Sen. Michael BennetMichael BennetOvernight Finance: House votes to repeal arbitration rule | Yellen, Cohn on Trump's list for Fed chief | House passes Russia sanctions deal | GOP centrists push back on border wall funding Tax credits bring much needed relief Senate Dem: No clarity, 'little competence' behind travel ban MORE (D-Colo.) said Thursday he was aware the White House had urged Andrew Romanoff not to challenge him in a primary.

Bennet told The Hill he knew beforehand that White House Deputy Chief of Staff Jim Messina had reached out to Romanoff in hopes of avoiding a primary challenge to the incumbent Bennet.

“Yeah, I was aware,” Bennet said. “Right.”

ADVERTISEMENT
Bennet said he didn’t remember specifically how he was made aware of the contact, but pointed to a September 2009 Denver Post article about Messina’s contact with Romanoff. An aide clarified that Bennet knew before the article’s publication of the White House contacting Romanoff.

Romanoff, a former state House speaker, attracted headlines recently by stating he was contacted by Messina last September with various job offers. Romanoff said Messina made it clear he could not guarantee the appointments, and Romanoff said he rejected the overture.

The White House has confirmed the contact but denies any jobs were offered. Media reports suggest three specific positions were mentioned: a Central-American administrative post, the directorship of the U.S. Trade and Development Agency, and the head position at the Office of Democracy and Governance at USAID.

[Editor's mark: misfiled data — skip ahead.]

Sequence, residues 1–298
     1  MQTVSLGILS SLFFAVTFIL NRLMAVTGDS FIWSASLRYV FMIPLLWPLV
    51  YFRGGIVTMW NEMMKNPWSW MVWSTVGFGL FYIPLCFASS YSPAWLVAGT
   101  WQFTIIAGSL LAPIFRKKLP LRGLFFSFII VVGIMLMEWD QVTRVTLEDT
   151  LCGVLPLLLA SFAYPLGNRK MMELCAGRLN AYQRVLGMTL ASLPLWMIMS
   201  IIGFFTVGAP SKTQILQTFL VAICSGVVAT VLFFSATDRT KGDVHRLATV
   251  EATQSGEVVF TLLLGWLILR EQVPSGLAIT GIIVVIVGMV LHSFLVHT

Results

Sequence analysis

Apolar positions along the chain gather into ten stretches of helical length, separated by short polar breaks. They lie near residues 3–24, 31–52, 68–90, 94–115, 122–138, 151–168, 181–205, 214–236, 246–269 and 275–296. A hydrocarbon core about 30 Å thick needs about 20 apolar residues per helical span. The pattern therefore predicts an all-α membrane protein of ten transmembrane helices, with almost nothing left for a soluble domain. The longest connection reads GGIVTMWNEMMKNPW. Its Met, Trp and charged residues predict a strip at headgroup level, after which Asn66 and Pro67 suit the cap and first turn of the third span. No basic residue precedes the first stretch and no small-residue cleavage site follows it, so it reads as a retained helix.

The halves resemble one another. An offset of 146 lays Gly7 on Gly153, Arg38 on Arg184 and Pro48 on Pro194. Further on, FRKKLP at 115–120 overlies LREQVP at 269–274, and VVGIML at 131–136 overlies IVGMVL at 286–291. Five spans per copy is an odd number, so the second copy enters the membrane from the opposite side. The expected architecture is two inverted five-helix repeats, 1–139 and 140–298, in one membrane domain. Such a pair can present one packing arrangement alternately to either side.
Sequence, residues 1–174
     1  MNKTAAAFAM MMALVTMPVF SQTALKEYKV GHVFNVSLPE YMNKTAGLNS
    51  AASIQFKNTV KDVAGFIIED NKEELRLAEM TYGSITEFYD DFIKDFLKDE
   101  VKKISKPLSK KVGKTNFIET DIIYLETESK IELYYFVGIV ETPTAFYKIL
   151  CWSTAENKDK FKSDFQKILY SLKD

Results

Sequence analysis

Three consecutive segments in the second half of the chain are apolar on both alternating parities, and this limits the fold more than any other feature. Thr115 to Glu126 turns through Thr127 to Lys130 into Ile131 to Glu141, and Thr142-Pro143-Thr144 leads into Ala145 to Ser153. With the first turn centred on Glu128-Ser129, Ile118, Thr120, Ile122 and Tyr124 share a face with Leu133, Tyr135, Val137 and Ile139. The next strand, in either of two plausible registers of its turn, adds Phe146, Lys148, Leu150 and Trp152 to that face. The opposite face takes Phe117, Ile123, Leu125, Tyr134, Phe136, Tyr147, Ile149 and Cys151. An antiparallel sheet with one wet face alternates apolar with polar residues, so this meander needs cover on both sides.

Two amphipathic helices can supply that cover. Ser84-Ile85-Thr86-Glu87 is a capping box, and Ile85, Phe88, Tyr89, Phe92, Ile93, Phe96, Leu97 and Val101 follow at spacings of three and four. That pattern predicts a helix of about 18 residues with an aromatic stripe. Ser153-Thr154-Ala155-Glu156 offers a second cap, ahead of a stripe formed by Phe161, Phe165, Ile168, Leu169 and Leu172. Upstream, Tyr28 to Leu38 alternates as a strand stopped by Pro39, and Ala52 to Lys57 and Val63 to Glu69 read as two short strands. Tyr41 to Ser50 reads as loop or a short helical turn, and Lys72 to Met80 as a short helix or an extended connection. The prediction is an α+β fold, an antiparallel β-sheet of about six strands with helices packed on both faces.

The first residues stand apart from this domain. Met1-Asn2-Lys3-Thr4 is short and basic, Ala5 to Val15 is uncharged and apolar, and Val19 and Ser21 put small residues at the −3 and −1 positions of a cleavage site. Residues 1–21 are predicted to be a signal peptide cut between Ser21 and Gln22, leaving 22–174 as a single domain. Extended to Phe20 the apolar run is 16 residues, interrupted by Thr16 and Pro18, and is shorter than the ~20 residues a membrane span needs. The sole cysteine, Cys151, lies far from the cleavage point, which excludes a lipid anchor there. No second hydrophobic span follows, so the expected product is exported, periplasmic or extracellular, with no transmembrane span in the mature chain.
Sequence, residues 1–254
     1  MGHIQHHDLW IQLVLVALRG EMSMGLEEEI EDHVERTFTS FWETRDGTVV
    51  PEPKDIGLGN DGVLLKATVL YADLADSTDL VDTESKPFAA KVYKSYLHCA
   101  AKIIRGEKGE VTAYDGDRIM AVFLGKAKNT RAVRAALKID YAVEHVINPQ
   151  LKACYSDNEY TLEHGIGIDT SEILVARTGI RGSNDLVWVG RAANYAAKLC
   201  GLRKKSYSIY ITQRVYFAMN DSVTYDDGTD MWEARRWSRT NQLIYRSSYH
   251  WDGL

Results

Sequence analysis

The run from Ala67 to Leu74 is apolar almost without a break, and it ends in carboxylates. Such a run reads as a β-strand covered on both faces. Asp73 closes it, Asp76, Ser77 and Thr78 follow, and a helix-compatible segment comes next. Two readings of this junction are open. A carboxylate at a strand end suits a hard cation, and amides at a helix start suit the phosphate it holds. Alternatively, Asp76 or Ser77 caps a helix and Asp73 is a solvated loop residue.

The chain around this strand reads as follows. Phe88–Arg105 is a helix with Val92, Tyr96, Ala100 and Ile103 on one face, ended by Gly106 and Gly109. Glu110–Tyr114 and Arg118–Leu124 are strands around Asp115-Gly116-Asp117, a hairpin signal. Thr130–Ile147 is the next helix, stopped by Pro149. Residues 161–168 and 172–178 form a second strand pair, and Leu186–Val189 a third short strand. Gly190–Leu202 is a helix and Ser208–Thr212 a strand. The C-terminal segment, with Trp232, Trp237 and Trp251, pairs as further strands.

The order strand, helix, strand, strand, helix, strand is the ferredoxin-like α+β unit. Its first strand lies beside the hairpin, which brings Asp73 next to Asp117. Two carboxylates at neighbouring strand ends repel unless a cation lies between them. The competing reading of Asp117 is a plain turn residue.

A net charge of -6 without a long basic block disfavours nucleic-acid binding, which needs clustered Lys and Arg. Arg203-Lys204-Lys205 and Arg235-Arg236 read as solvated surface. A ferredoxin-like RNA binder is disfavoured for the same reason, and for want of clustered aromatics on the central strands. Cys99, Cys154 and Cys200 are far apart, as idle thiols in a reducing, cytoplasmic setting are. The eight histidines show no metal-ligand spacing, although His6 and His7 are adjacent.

Bennet and Romanoff face off Aug. 10 for the Democratic nomination for the Senate seat.

The White House also contacted Pennsylvania Rep. Joe Sestak (D) in hopes of avoiding a primary challenge to incumbent Sen. Arlen Specter (D-Pa.).

At the request of White House Chief of Staff Rahm Emanuel, former President Bill ClintonBill ClintonFormer Defense chief: I would have threatened to resign over Trump's transgender ban Ex-Cruz aide: Trump presidency 'is effectively over' OPINION | Gen. Hayden: How the Russians played the Trumps MORE called Sestak in an attempt to clear the field for Specter.

An official administration document released in late May on the communication stated that nothing inappropriate was discussed, and only uncompensated positions on advisory boards were at issue. Republicans have called for the White House to release more information about the offers to Sestak.

Specter spokeswoman Kate Kelly said Specter did not know about the White House's offers to Sestak.

Senate Majority Whip Dick DurbinDick DurbinPassing the DACA legislation will provide relief to children living in fear Dems don’t want to help GOP improve repeal bill Mnuchin: Trump administration examining online sales tax issue MORE (D-Ill.) defended the Obama administration’s outreach to the candidates, saying too much has been made of the controversy.

“It’s an old story. It applies to presidents in all administrations,” Durbin told The Hill. “I don’t find it surprising, and I certainly don’t think there’s anything unusual about it.”

The White House played a major role in clearing the primary field for Sen. Kirsten GillibrandKirsten GillibrandSenators to Mattis: Don't ban transgender troops GOP senator forces Dems to vote on single payer OPINION | Democrats: Time to wish Hillary Clinton good luck and goodbye MORE (D-N.Y.) this cycle, though the administration and Democrats who were considering challenging Gillibrand say no job offers were made.